Bloodlines and Heartstrings - American Cowboy | Western Lifestyle - Travel - People

Bloodlines and Heartstrings

Through horses, Billy Jack Barrett has impacted the lives of many, from orphans to veterans.
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Since 1980, Billy Jack Barrett has managed the Pine Valley Equestrian Center at the Air Force Academy in Colorado Springs, Colo. Growing up in Texas and hanging out around the racetrack, he developed a passion for racehorses and bloodlines, fueled by friendships with some of the industry greats. At times, he’s asked himself why he does what he does when his friends have experienced such great success in the horse world, but it was AQHA Hall of Famer, Walter Merrick, who told him, “Adopting children and taking care of those military families is more important than standing in the winner’s circle.”

Billy-Jack-Barrett

Over the years, Billy Jack and his wife, Ann—also an accomplished horsewoman—raised four of their own children and adopted five more. Waiting to begin his family until he was in his forties, Billy Jack says, “God had a plan for me and I was going down that path whether it was my plan or not. I finally figured if we were going to be riding double, I better let him sit in front and have the reins.”

The family lived in a 1904 farmhouse until 2005, when they were chosen for the then-popular TV show, Extreme Makeover: Home Edition. When the crew showed up in July of that year to perform the project, 6,000 members from the community showed up, as well, signing waivers to volunteer—a surprising turnout by cast and crew standards, who didn’t imagine that kind of response from such a rural area. Billy Jack was less surprised, saying, “Basically, it was a lot of people all from the livestock industry.”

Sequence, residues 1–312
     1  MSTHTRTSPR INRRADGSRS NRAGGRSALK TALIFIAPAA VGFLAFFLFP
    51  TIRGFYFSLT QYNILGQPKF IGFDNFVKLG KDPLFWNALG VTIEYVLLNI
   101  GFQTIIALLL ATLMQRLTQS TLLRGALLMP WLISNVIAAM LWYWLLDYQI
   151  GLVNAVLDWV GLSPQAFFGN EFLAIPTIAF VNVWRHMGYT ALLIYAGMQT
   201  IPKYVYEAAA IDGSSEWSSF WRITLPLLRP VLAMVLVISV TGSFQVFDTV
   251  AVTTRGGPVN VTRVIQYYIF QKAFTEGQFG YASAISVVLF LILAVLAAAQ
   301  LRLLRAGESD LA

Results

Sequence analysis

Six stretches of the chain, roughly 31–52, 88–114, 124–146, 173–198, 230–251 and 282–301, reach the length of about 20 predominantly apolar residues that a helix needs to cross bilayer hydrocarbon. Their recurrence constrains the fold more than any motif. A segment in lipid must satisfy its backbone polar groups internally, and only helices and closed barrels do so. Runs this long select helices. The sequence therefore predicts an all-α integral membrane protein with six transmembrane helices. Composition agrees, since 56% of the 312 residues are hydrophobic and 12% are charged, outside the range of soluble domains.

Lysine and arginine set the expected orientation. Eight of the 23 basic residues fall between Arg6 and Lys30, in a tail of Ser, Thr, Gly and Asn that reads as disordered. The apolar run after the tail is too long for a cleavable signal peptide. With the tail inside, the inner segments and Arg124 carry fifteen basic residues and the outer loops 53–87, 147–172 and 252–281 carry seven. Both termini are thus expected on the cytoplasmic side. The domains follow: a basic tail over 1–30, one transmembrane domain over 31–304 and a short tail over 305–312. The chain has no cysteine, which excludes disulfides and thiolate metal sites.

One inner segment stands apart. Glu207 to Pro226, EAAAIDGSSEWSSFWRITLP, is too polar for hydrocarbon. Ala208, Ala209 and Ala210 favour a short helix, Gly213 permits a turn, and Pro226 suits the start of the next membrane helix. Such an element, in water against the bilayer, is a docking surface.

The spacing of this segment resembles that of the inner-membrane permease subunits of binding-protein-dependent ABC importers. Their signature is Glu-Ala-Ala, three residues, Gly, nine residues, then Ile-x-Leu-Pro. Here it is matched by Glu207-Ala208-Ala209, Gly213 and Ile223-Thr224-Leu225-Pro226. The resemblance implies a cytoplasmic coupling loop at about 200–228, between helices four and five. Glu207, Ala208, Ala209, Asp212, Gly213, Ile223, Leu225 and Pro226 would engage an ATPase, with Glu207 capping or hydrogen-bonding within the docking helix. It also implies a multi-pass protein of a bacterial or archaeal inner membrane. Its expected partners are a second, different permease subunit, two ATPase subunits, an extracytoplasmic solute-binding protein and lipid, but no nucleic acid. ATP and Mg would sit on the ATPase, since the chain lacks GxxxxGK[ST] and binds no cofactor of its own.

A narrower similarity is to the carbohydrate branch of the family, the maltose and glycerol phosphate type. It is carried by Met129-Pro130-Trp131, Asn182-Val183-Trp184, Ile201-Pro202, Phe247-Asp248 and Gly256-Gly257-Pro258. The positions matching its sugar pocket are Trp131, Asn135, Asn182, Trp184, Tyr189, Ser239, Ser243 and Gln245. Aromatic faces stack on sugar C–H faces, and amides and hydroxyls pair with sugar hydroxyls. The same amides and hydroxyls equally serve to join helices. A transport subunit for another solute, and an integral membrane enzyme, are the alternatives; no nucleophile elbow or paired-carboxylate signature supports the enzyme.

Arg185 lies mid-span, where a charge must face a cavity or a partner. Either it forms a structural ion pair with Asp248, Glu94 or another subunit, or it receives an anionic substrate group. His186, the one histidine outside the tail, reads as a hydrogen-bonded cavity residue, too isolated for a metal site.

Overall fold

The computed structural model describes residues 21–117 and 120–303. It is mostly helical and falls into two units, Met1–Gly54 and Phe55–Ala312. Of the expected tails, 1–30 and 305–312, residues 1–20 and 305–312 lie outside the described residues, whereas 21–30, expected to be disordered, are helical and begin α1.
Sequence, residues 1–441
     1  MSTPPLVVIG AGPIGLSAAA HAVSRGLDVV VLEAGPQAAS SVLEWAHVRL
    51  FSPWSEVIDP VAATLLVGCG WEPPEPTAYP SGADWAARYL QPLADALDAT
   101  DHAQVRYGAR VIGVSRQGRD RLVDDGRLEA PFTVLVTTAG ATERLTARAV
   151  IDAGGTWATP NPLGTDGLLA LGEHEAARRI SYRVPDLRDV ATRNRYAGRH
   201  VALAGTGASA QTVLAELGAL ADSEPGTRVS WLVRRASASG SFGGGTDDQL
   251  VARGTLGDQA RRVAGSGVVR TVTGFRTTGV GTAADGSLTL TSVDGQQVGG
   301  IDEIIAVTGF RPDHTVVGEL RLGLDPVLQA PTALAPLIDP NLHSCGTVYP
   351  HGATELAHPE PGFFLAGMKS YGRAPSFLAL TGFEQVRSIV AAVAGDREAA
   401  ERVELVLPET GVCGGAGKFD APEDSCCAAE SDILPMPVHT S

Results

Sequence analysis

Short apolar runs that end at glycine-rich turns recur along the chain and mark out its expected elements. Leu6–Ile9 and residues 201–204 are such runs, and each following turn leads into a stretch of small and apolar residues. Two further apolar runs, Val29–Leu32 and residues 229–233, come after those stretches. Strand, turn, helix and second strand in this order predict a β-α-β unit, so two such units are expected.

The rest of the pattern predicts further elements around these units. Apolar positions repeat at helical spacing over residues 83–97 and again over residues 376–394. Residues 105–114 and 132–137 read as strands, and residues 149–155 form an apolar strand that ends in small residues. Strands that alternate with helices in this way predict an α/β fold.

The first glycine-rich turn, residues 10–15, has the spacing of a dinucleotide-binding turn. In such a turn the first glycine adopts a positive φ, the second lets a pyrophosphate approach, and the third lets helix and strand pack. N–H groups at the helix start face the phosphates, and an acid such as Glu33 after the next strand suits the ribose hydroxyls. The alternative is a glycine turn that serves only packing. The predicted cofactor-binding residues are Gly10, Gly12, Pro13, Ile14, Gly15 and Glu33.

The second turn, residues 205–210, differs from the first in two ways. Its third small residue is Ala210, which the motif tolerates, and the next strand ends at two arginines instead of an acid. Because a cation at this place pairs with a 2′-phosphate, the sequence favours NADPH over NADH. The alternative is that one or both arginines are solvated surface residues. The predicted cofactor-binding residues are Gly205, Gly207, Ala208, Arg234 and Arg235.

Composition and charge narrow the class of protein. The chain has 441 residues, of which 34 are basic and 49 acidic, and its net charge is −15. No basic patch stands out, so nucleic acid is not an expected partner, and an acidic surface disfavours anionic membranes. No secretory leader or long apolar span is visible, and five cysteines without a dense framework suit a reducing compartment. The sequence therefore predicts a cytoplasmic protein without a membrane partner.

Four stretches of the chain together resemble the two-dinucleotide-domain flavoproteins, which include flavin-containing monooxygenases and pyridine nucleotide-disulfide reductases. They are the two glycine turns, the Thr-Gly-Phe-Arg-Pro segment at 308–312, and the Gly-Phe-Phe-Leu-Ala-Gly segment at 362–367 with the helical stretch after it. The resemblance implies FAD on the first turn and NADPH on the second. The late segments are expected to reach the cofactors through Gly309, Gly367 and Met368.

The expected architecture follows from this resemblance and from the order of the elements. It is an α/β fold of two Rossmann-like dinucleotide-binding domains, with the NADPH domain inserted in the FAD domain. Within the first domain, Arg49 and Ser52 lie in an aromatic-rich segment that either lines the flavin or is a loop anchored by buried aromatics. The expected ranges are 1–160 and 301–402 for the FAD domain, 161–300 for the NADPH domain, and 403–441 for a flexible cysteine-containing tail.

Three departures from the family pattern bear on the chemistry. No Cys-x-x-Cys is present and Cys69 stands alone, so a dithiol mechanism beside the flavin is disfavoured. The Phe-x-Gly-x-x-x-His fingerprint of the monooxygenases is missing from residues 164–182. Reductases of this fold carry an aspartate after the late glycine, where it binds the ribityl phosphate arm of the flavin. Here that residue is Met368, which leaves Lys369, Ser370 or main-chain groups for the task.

It’s an industry Billy Jack has put to good use in his time as ranch manager, using his resources and horses to create programs like the Warrior Wellness Program, in which veterans and their families can get horseback at no cost. 

“I’ve known for years that a lot of people’s sanctuary is on the back of a horse,” Billy Jack states. “One thing I’ve noticed is, you can ride a horse and be concerned, but you cannot ride a horse and worry. When they bring these warriors here, they reunite horseback on these trail rides, or working cattle, and they bond. You’ve got warriors that have never met and they’re roping and dragging cattle to the fire.” 

Despite this time of relative calm, Billy Jack remains focused on his role as a member of this great country: “There’s a lot of dedicated young men and women that are willing to sacrifice their lives and I feel like that’s our mission now—to take care of those that contributed so much.”